Teachers can also use the system to track the impact of their programmes and, where necessary, make modifications to improve outcomes for students. The system can generate reports that review the performance of teachers and identify those who need additional training, or those who are excelling in their roles.
JPC has a multi-tiered approach to student behavioural management. There are a myriad of events across this spectrum – academic, sporting, extra-curricular and personal matters.
“We not only want to identify students whose performance has dropped, but we also want to know why,” says Carpenter. “We do regular audits, conduct interviews with parents, and talk to teachers. We also look at how many siblings a student has, what activities they’re involved in outside of school and their absenteeism – these are all indicators that feed into our decision support and how we can help our students be their best.”
JPC students do many tests throughout their school life to gauge their predisposition to particular learning styles, what environments they learn best in, or how they react to motivation or mentoring. Carpenter says this is not only informative for parents, but it also helps students with their career choices.
“By being able to provide better information to our staff, we know more about the key learning outcomes for our students,” says Carpenter.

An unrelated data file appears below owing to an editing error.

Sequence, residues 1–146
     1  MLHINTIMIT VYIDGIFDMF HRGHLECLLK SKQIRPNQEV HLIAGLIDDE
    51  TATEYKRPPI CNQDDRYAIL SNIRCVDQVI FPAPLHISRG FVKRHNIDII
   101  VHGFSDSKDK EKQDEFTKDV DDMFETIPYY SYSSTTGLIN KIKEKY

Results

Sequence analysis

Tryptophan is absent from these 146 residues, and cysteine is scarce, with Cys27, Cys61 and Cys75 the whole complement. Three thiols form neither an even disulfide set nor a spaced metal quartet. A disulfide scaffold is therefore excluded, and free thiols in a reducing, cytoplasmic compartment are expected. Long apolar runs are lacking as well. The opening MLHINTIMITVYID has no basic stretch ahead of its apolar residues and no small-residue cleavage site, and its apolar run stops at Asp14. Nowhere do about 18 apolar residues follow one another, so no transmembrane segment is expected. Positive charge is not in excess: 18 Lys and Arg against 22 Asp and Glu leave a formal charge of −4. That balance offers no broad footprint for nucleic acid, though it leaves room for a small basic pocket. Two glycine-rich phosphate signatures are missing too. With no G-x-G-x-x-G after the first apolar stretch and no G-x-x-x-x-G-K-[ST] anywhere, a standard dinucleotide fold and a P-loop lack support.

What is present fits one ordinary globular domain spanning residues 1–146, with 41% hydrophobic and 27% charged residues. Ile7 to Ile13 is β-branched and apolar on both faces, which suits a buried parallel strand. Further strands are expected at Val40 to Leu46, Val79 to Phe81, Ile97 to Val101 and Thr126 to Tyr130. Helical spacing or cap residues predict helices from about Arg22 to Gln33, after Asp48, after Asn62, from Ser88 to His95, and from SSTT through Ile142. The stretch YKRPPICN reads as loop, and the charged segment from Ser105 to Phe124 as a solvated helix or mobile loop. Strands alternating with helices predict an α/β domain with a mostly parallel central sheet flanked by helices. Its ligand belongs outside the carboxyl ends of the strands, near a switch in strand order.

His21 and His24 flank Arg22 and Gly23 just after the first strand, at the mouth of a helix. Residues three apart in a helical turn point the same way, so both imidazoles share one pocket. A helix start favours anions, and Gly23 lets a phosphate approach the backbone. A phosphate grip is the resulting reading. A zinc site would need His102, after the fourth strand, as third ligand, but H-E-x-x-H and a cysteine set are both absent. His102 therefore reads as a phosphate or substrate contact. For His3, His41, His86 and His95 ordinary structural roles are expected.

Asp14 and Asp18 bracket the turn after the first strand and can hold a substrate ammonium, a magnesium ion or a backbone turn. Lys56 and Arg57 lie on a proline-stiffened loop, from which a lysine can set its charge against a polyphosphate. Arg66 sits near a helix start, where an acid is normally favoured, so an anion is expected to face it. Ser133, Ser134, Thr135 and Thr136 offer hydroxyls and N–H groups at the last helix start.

“Our new system has also given us an enhanced reporting mechanism for staff performance.”
One of the initial reasons JPC started down this path was to be able to continually track and assess students. This would allow reporting for teachers, administrators, education authorities and parents in a context that is more meaningful. Some of the challenges concerned these continual requests for reports.
“When you add functionality to a system and start using it, a report invariably ensues,” says Carpenter. “We had so many niche areas of great data, but the reports we were getting requests for involved grabbing data from one part of this system, another part of another system, and from yet another part of a third system. The complexity of what we were putting together meant we were spending all our time doing reports.